There is an idiom popularized about a century-and-a-half ago that says “all’s fair in love and war.” The phrase was a loose iteration taken from Miguel de Cervantes’ comparison in 1604 in Don Quixote where he wrote; “Love and war are all one…it is lawful to use sleights and stratagems to attain the wished end.” However, in war, like in love, there are some ‘stratagems and sleights‘ that are not lawful under any circumstances. For example, in matters of love, rape and violence are certainly not lawful any more than torturing prisoners duringwar is lawful in any conflict. There have been several international conventions and treaties in effect for decades, all of which America ratified and is a signatory to, that ban the use of torture. But this country, in particular, continued the banned practice as if it was a legal requirement to conduct a war when a Republican is president.
During the George W. Bush administration torture was not only condoned, it was encouraged by the administration and “deemed legal” because under a Republican administration America was so extraordinarily exceptional that Bush’s neo-con cabal concluded that no matter what international laws they violated, they were not going to be bound to follow any treaty, convention, or American military code. What was exceptional then, and continues to confound sane Americans, is that despite admitting, boasting about, and pledging to continue torturing prisoners right up to present day, Bush officials and those who tortured prisoners are still free and will never face prosecution for war crimes.
The American military has had bans against the use of torture under any circumstances since the nation’s inception, and still, on taking office in 2009, then new President Obama felt the need to issue an executive order on interrogation banning the use of torture. Now, six years later, the United States Senate felt the pressing need to overwhelmingly pass legislation banning the use of torture and it is a sign that even some Republicans are aware of a mindset among several Republicans running for the presidency that adhering to the idea that “all’s fair in war” allows torture and the only way to prevent a future, dog-forbid, Republican administration from not only condoning, but ordering the use of torture with immunity from prosecution, is passing another law banning the practice.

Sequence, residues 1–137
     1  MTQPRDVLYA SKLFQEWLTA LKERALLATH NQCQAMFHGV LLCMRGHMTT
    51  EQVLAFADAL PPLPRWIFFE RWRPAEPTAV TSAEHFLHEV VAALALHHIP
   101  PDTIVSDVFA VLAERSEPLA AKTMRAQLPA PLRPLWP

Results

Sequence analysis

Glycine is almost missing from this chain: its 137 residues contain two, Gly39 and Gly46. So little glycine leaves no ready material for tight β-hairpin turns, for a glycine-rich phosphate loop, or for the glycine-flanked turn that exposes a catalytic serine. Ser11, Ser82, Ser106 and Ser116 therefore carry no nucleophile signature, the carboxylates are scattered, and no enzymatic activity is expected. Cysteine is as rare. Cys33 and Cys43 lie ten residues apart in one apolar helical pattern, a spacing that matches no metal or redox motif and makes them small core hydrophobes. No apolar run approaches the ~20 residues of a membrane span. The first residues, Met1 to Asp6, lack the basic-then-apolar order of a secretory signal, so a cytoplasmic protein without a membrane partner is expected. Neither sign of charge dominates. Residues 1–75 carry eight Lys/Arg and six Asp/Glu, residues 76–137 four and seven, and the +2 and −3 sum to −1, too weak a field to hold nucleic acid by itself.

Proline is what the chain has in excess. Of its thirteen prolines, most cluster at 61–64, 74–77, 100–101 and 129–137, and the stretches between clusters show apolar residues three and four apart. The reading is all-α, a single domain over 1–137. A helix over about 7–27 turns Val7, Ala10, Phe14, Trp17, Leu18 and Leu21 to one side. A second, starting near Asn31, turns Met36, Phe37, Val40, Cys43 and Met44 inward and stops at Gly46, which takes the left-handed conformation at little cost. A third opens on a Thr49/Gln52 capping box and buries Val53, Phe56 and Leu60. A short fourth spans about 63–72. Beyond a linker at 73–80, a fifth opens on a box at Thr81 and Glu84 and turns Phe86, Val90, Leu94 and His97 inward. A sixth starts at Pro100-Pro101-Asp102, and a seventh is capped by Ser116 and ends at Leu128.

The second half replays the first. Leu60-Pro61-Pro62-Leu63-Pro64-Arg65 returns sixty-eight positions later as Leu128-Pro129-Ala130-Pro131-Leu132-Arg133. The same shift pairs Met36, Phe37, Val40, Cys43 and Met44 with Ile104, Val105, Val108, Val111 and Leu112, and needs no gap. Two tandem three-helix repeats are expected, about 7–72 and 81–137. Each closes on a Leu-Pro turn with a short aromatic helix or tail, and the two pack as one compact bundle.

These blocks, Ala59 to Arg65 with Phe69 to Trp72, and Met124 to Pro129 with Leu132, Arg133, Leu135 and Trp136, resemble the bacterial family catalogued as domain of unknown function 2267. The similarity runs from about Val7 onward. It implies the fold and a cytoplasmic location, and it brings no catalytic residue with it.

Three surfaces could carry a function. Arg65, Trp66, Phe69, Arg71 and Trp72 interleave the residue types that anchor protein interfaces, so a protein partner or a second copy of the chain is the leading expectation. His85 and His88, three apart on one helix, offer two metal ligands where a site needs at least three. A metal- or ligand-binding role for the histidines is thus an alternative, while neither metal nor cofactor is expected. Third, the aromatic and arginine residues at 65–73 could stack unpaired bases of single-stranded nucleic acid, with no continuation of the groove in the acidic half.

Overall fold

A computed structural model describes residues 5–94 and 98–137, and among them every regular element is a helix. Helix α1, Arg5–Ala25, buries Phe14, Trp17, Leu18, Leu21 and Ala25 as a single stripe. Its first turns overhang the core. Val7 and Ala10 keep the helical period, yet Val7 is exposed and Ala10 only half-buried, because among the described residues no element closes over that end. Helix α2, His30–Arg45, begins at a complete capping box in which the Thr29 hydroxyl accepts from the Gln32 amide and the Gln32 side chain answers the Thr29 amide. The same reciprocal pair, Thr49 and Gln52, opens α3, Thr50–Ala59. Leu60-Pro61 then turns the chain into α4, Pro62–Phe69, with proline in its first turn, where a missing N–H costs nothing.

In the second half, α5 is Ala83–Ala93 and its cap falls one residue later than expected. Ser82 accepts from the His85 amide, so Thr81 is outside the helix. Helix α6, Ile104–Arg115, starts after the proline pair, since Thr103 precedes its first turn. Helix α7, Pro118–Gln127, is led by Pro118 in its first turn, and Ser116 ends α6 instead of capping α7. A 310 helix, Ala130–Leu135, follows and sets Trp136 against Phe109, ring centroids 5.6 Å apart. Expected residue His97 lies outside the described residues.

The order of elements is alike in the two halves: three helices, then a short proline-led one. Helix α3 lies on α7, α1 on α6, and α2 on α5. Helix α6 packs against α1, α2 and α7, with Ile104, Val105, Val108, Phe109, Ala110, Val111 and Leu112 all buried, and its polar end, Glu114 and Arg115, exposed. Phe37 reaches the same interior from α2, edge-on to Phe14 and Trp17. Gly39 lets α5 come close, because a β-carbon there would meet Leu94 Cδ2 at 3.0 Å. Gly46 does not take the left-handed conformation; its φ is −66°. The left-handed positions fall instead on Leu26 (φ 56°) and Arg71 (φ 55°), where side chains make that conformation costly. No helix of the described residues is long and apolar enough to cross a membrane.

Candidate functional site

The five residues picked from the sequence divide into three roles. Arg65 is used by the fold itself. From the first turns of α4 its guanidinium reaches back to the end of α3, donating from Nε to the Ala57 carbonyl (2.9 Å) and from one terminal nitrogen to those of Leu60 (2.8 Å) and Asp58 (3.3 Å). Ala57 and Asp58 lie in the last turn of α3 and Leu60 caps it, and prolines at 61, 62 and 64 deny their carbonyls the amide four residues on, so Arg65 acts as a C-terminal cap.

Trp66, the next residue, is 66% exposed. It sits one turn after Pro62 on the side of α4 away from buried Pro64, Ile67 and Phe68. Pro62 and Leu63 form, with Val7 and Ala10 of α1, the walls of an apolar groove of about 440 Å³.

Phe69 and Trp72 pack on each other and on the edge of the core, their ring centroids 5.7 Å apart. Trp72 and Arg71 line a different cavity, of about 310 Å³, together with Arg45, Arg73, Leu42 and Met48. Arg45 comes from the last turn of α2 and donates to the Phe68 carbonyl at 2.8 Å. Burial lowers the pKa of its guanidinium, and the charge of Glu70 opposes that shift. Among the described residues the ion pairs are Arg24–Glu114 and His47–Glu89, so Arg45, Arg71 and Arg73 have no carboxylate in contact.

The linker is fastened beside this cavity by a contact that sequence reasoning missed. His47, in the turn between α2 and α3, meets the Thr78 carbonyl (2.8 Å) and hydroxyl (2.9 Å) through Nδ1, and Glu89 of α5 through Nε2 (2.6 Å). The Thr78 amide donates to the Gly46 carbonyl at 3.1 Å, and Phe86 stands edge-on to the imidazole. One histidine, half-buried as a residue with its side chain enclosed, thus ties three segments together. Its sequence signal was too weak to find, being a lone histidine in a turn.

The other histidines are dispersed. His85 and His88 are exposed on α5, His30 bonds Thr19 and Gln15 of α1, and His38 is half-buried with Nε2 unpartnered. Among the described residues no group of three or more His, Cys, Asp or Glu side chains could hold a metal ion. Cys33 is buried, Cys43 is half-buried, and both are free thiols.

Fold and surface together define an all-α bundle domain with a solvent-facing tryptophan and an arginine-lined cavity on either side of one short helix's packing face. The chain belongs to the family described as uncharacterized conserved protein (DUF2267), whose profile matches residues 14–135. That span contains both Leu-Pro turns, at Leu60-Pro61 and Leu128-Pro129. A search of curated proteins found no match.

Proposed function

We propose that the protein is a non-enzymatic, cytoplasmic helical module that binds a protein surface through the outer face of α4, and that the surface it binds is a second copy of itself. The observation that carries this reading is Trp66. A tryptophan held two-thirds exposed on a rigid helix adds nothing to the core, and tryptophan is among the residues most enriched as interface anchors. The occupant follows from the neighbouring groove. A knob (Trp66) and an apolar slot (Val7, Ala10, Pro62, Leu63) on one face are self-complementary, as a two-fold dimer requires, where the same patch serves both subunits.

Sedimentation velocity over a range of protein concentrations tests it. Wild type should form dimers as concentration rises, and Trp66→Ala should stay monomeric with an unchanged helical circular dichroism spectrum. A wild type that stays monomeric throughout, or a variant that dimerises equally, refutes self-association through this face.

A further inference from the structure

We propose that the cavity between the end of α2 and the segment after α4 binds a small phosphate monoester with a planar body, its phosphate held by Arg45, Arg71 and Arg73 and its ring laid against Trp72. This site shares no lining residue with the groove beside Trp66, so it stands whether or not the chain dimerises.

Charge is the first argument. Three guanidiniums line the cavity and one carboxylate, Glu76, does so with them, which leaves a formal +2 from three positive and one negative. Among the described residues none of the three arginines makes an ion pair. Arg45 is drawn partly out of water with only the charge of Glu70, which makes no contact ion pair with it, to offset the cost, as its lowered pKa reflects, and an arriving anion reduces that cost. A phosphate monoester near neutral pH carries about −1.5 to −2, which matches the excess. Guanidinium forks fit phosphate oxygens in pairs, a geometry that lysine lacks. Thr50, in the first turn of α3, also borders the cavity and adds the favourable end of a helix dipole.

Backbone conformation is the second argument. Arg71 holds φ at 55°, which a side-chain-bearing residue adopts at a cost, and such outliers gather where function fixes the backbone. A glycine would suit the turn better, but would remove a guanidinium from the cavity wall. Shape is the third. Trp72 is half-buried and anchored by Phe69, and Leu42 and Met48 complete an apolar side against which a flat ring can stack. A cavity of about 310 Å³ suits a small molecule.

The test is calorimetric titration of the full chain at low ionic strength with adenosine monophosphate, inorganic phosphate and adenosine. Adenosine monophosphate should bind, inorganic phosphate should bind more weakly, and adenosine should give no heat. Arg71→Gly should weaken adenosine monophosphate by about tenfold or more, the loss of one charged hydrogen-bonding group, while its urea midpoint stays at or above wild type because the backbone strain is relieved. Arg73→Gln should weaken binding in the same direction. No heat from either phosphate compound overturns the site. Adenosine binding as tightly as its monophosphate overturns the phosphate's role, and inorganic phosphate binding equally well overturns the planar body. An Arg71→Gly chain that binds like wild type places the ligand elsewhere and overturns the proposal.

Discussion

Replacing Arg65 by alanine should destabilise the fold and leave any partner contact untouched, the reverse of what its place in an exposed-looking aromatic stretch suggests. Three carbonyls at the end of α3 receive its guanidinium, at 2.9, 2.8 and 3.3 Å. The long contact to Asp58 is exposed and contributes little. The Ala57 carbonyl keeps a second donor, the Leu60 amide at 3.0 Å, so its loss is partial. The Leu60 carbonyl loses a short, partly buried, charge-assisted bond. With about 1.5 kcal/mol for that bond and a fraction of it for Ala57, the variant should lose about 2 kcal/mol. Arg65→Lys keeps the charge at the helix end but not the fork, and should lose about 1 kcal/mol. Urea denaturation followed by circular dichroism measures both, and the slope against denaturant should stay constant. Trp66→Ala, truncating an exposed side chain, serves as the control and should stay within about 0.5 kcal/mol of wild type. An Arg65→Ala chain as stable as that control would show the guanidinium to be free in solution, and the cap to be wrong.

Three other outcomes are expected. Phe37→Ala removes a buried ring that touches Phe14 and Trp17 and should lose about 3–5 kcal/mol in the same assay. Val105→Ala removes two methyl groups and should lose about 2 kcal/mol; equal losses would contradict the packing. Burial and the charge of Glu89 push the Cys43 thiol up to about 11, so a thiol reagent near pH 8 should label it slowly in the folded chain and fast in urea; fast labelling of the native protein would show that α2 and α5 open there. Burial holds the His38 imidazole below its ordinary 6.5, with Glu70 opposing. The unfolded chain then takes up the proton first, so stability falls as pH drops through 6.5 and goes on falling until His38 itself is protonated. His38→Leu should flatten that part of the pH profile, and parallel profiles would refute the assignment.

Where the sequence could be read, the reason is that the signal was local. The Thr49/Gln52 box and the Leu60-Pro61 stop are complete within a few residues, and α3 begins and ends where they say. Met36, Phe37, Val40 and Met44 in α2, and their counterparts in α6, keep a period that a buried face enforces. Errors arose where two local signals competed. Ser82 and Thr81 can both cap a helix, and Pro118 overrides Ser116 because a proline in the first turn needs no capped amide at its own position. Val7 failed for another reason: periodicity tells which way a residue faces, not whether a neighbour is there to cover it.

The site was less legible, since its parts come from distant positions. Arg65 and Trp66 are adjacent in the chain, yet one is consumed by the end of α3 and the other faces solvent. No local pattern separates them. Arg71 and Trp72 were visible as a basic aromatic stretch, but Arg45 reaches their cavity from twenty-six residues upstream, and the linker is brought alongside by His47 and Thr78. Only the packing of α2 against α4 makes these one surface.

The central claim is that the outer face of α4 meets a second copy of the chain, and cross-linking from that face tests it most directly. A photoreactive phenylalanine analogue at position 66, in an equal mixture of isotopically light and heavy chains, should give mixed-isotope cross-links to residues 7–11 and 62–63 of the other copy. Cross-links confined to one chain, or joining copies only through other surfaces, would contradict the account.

The vote in the Republican-controlled Senate on Monday was an overwhelming bipartisan statement that the President’s 2009 executive order banning torture must be ensconced in permanent law to prevent a Republican administration’s repeat performance in the future. The vote was 78 – 21 in the form of an amendment added to the fiscal 2016 National Defense Reauthorization Act and it forbid the use of torture by “any agent of the U.S. government,” as well as “standardized certain ‘non-coercive interrogation methods across the military and intelligence sector.” Leading the charge to again “officially” ban the use of torture was Viet Nam Veteran and torture survivor Republican John McCain and Vice Chair of the Senate Intelligence Committee Democrat Dianne Feinstein. The “no torture” amendment was a continuation project for Senator Feinstein who was a fierce crusader for the release of an exposé on the dysfunctional and abusive torture practices by the CIA that were approved and encouraged by the Bush administration.
In reality, it is as absurd that the United States Congress has to pass a law banning torture as it was ridiculous and embarrassing for America that an incoming Democratic President had to issue an executive order banning the practice George Washington said “brought shame, disgrace and ruin” to American soldiers and their country. Disgraceful and illegal as it is, torturing prisoners was a practice the Bush administration boasted about. Following closely the President’s 2009 executive order, the new legislation restricts all U.S. personnel to using only approved interrogation techniques found in the Army Field Manual.